Skip to content
Go to file


Failed to load latest commit information.
Latest commit message
Commit time
Jul 26, 2019


GitHub release

- Type in Linux & Windows like it's a Mac. -

Seamless copy and paste with all apps and terminals. The zero effort solution.

Note: This project does a lot more than just copy & paste for terminals. I really do mean type like a mac and additions can easily be added to a single file,

Table of Contents

What does this do exactly?

What's different from other remappers?

What does Kinto require?

How to install (Linux)

How to install (Windows)

Shortcut Creation

Other Notes Related to Install

How to Upgrade/Control Kinto


Language Support

Related or Useful Resources


More information about Kinto


Credits and Contributions

What does this do exactly?

Kinto works for standard Windows, Apple and Chromebook keyboards. The following however describes the dynamic rebinding based on a standard Windows/Mac keyboard.

  • Cursor/word-wise shortcut keys have been added to align with macOS keyboard shortcuts.


Physical Ctrl Win/Alt Alt/Cmd Spacebar
Virtual Win/Super* Alt RCtrl Spacebar

*Win/Super will properly remap to LCtrl when needed to fully support expected keymaps.


Physical Ctrl Win/Alt Alt/Cmd Spacebar
Virtual LCtrl Alt RCtrl Spacebar

Note: RCtrl for terminals is also adding in Shift most of the time, however it depends on the specific terminal in use and will change itself to the expected keymaps of that terminal application.

What's different?

Compared to most other remappers this is a complete system-wide remap of your base level modifier keys, this saves time. You're not going to die a death of a thousand papercuts from trying to support every shortcut key under the sun.

It also retains some of the most commonly used system level shortcut keys, such as Cmd-C/V, Cmd-Tab, and Ctrl-Tab among others. You will keep seamless copy & paste between all apps, ability to switch Windows while still using the physical Cmd/Alt key position; switch tabs in your favorite terminals, code editors, or web browsers. Depending on your OS and/or Desktop Environment you may also be able to switch Virtual Desktop environments the same way as well and other basic system level shortcuts.

If your OS and macOS have similar functionality on the system level, but only differ by a slight difference of a shortcut command then Kinto likely supports it already. If Kinto doesn't have what you need then you can open up a support ticket and it will be added. You can also fork the project to add the fix and I will merge it via a PR you make.

Additionally, if you are using a cross-platform app and if it happens to have a few shortcut keys that differ then that can very easily be added to either the or kinto.ahk configuration files which on Windows is located here ~/.kinto/kinto.ahk and on Linux it can be found here ~/.config/kinto/ More info can be found here Shortcut Creation (Xkeysnail) for Linux.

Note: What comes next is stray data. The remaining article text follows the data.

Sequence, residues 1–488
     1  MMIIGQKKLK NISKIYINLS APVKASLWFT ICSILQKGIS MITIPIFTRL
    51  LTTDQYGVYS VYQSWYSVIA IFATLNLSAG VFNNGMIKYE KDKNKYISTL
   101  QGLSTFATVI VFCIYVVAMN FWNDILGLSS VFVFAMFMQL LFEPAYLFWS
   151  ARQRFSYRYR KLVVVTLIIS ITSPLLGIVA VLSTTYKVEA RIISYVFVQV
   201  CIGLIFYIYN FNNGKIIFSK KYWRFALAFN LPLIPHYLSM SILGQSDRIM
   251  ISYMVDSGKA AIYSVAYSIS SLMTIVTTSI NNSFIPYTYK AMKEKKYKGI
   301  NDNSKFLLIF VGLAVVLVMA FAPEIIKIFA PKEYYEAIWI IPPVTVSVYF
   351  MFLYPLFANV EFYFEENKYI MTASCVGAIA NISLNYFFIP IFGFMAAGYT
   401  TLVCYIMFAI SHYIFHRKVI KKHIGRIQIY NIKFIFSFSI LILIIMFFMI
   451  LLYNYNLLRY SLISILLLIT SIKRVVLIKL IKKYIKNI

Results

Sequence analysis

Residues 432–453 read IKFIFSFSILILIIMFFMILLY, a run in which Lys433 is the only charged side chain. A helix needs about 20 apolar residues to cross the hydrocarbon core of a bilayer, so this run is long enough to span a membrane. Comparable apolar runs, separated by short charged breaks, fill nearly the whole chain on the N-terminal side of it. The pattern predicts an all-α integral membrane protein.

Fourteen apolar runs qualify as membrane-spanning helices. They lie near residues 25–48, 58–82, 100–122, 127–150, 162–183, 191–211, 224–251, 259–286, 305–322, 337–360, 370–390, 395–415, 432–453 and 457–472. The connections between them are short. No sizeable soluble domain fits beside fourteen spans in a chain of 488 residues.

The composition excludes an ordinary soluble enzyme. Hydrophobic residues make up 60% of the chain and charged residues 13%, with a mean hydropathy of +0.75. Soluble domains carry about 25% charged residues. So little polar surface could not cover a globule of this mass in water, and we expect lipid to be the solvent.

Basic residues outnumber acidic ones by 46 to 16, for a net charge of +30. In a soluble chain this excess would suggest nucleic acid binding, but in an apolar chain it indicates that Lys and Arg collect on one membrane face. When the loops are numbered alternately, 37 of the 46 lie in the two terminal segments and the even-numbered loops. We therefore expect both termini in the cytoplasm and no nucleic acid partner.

What does Kinto require?

  • Python
  • systemd
  • x11
  • IBus*
  • Manjaro/Arch/Debian/Ubuntu based distro 16.04+
  • Fedora/RHEL (may not work w/ xkeysnail, but original xkb version does)
  • xkeysnail (Recommended, but optional)

Note: Budgie DE's, so Ubuntu Budgie, appears to have a bug where keybinds may not save across reboots. Please reset the Cmd+Tab keymap before rebooting to ensure it remembers that setting. I will remove this once the issue is resolved.

*IBus is needed to support wordwise during browser app usage as the keymap will need to change slightly depending if the cursor/caret is on screen waiting for input. will set it but you can manually set it as well or check your current Input Method.

On most distros you can confirm Input Methods by navigating to "Language Support" and set "Keyboard input method system:" to IBus for full word-wise support with web browsers.

Wayland support is planned, but not ready yet.

Kinto for Windows 10 Requirements

Other programs that will be installed when you run ./

  • Chocolatey
  • Autohotkey
  • Strawberry Perl

Note: Sublime Text users should disable screen rotation hotkeys as they will interfere with multi-cursor and possibly other combos. See for details.

Users can now hotswap between Apple and Windows based keyboards without having to logoff and back on, and Windows is currently the only implementation with a system tray (but this feature is coming to Budgie, XFCE, Mate, Gnome, and lastly KDE).

How to install (Linux)

  1. clone this repo
git clone
cd kinto
  1. Install python3 (If needed)

Debian or Ubuntu 16.04 or 18.04

sudo apt update
sudo apt install python3
  1. Follow the prompts and the script will guide you through the rest of the setup.

To Uninstall Kinto


How to Install (Windows)

Video Tutorial: How to Install on Windows 10

  1. Open Powershell (Right click and Run as Administrator)

  2. clone this repo

git clone
cd kinto
  1. Install - Select keyboard type
  1. How to make Kinto stay visible in system tray (optional)

To Uninstall Kinto - Select Uninstall


Shortcut Creation